Last week we published this funny riddle for your friends to solve and took that opportunity to briefly explain what pixels are, and we ended up talking about some interesting things such as color depth and zeros and ones.
After having introduced some important concepts and basic ideas in that post, let’s start today by looking at the most popular image formats.
Also called JPG (Joint Photographic Experts Group), this format allows to compress images with different compression levels. JPEG is ideal for the Web where load times and data transfers are so important.
When you have a very heavy image (let’s say 2 MB) and you’ve got to upload it to the Internet, a good idea is to save it as a JPG. This way, you’ll be applying the JPEG compression algorithm and your new compressed file will take up less storage space than the original one.
Have you ever entered a website and noticed that some images were loading slowly, and their quality progressively improved as that web page was loading? Sure you have! Those were JPG images being loaded in progressive mode, which is one of JPG’s greatest features.
JPG uses a 24-bit color depth, allowing you to store up to 16.7 million different colors.
As with JPG, PNG is able to compress files too, however, PNG compression doesn’t have any impact on the image quality because it uses lossless techniques.
In case you don’t know there are mainly two ways intended to compress images, they are called lossy and lossless. JPG is lossy, whereas PNG and GIF are lossless.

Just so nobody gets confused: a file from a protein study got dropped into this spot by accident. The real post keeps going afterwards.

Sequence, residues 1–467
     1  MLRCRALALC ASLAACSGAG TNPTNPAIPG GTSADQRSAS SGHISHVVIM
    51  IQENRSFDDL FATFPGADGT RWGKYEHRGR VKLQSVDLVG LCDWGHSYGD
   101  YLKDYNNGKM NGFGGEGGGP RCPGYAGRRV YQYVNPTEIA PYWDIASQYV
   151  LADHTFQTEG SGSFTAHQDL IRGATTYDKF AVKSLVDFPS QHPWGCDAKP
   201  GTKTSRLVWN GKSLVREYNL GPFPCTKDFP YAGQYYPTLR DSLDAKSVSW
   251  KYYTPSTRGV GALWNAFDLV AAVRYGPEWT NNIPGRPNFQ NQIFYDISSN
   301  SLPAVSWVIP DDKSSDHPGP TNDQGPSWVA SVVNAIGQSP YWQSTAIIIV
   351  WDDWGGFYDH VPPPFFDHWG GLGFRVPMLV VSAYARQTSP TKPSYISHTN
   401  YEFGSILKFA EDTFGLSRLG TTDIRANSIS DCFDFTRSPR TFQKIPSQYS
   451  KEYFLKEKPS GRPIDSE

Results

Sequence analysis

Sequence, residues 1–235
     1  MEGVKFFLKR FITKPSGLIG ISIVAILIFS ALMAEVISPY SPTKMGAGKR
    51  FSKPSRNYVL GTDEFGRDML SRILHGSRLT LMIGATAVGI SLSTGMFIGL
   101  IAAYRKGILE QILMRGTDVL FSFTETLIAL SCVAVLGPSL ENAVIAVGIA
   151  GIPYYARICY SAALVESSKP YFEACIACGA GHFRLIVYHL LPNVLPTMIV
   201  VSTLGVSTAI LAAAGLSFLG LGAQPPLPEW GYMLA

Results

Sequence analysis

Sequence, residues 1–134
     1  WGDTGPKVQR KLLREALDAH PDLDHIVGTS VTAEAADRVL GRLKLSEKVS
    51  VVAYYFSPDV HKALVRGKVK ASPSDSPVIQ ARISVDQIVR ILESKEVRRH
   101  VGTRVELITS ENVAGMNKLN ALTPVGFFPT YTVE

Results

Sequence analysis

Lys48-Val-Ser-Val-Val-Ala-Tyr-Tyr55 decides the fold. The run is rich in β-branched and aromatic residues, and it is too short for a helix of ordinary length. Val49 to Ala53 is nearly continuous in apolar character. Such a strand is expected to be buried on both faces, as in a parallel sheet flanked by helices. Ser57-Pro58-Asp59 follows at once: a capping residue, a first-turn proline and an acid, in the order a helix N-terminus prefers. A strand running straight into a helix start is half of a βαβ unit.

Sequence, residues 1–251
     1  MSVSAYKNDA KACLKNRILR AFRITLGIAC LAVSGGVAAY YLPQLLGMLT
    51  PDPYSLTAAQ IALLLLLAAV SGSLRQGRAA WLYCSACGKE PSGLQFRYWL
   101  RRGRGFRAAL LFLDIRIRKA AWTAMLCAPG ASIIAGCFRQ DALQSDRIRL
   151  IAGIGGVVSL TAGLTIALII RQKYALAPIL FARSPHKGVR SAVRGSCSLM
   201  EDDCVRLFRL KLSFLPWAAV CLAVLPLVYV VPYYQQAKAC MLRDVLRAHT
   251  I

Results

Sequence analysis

Lossy means that the algorithm performed removes some image details during the compression process (those ones considered unnecessary); instead, lossless allows to retrieve the information when the image is decompressed.
PNG supports palettes of 24-bit RGB color as well as palettes of 32-bit RGBA color, and was originally designed in order to improve those limitations imposed by the GIF format. Last but not least, one of PNG’s most important features is that it supports transparency.
This format is a good choice for when you have an image with very few colors. Unlike JPG, GIF doesn’t implement any lossy compression algorithm (in that sense, GIF and PNG are quite similar) and only uses 256 different colors. One of its main advantages is that GIF allows animations.
TIFF (Tagged Image File Format) is a file format mostly used by graphic designers, artists and photographers. It requires a lot of space on the hard disk since it allows to store high-quality images.
TIFF allows you to encode your files by using an uncompressed palette of 32-bit CMYK color as well as a palette of 24-bit RGB color.
Which One Should I Use? JPG, PNG, GIF or TIFF?
After all, the format that better suits you depends on how you are using your particular images.
Are you a web animator and need to make a simple animation using few colors? If your work has to be uploaded to a web page then you may be interested in the GIF format.
Remember: GIF is the only one supporting animations. Since it uses 256 colors, the resulting image won’t eat your hard disk space and the Web will be able to smoothly process it.
On the other hand, if you need for example to upload a heavy picture with many many colors to your blog, you should first choose between the JPG format and the PNG format and then compress your file. Never use TIFF in this case because as noted before, TIFF is an uncompressed format requiring much disk space and therefore it’s not suitable for the Web. This is the best choice for graphic designers wanting to store their high quality images into their hard drives.